The third flamenco show we saw ended with guitarist Moraito Chico dancing a sassy bularias as everyone left the stage. The fourth flamenco show ended with polite applause for the dancer and the house lights coming on the user her group off the stage.
18 April 1996
The fourth flamenco concert was Rancapino and Chaqueton accompanied by Paco Cepero. I think I now understand the difference between being in compas and having a mastery of compas. Paco Cepero was delightful in accompaniment of Rancapino and Chaqueton. He proved to be a masterful accompanist, who left large spaces for the singer, brilliantly followed their cante, and filled the voids between versus with astonishing acts of rhythm with such mastery of the compas that he many times set the crowd roaring with gritos and applause, and delightful looks of approvals from the singer. He was not in the least a flashy player as we generally know them. He only had occasional burst of lightning picado, and his aso pura (a thumb technique) seemed slow by most standards, but his thumb work was very strong and accurate. His flashiness was in the compas. He was so comfortable with it, and so accurate about it, that he made the guitar sing like I have never heard. His accompaniment was soft, and airy during the cante, leaving ample space for the singer to impress upon the audience the full intention of his art in expressions, emotions, and vocal achievement. In some instances Paco would tastefully play the cante along with the singer emphasizing the intricacies and complexities of the compas so masterfully he about brought the house down. There was no better rhythm for Paco to show his superior sense of compas than bularias. He would leave so much space, play so many complex rastiados, and supported the singer so beautifully that his masterful jesting had everyone on the edge of their seats, bringing roars of approval and amazement from the audience, and even slight looks of approving astonishment from the singer. Everybody was amazed by the performance. Both singers were excellent; however, I liked Rancapino best of the two.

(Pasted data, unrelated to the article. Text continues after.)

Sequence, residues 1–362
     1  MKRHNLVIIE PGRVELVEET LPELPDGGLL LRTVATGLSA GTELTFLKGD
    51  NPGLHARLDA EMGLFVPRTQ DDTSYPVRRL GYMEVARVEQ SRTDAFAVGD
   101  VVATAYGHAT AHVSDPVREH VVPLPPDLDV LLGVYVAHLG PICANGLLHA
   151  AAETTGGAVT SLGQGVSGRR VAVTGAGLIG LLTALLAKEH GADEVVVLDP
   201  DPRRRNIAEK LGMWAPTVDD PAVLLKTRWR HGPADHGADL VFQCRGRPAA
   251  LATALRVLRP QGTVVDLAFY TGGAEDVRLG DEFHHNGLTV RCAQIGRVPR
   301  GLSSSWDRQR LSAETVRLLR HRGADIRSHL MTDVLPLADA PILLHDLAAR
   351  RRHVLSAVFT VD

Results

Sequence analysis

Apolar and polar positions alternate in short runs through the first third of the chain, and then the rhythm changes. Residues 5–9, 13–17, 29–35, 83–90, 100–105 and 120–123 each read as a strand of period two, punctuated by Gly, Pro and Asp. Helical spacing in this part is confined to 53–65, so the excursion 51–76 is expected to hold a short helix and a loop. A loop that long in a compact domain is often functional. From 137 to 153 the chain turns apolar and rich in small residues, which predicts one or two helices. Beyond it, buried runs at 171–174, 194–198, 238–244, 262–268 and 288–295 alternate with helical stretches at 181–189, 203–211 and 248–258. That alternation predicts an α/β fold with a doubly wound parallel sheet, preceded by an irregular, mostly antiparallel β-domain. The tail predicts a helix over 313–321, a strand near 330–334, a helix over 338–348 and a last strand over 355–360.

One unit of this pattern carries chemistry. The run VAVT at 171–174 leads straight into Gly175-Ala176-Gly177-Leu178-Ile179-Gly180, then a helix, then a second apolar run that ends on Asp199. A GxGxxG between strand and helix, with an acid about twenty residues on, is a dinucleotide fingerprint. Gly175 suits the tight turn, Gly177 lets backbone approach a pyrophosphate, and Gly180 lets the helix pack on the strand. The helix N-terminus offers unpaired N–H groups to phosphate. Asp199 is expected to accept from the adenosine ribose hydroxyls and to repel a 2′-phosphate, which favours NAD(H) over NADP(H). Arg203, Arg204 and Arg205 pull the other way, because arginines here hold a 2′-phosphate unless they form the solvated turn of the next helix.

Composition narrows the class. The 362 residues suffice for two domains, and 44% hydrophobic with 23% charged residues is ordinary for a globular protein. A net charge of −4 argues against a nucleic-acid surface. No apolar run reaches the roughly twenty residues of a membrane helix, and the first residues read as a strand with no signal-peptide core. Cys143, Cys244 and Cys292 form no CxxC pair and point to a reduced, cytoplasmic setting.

Fosforito and the young guitarist, who sat in instead of Enrique del Malchor, were quite a contrast to the masterful playing and great compass of that previously mentioned. The guitarist was an excellent player, very fast and modern. He was not as good an accompanist that night, however. There was a constant tension between the guitarist and singer, the compas was often funny, but not really off, between them, and the guitaist was always busy and overpowering of the singer. The many long, lightning speed scales, and modern chords did not seem to belong as part of the accompaniment, and were really more distracting and overpowering than complinentary to the cante. I could have done without both of them that night.
Sara Baras danced a lame Alegrias. She did not have one interesting move, her hands were ugly, she looked down most of the time, her neck was lost in her raised shoulders, she did all her taconeo with very bent knees, which she insisted on showing us, as she spent more time pulling her “butt hugging” dress up over her butt, exposing her overly bent knees, than she did dancing. I really could of done without her. I saw several members of the audience get up and walk out with disgusted looks on their faces during her performance. The audience was cold to her (refreshing to be among people who know a bad dance when they see it) and luckily she did no more. At the end of her dance, there was a polite applause from the audience, and then the house lights were brought up before the group had left the stage.
Next the fifth and final flamenco show I described in the April 18th letter
Actuación Paco Cepero y Rancapino Chico en los Claustros de Santo Domingo Jerez https://www.youtube.com/watch?v=wYT9wdTmX9U
CHIQUETETE – TE QUIERO NIÑA ( AL TOQUE PACO CEPERO ).wmv https://www.youtube.com/watch?v=Ir-M2L56CWQ
Fosforito – Cantiñas y Soleá https://www.youtube.com/watch?v=yav46gr7mm0
Alegria, Sara Baras Flamenco Flamenco https://www.youtube.com/watch?v=tNcKVJsUkUI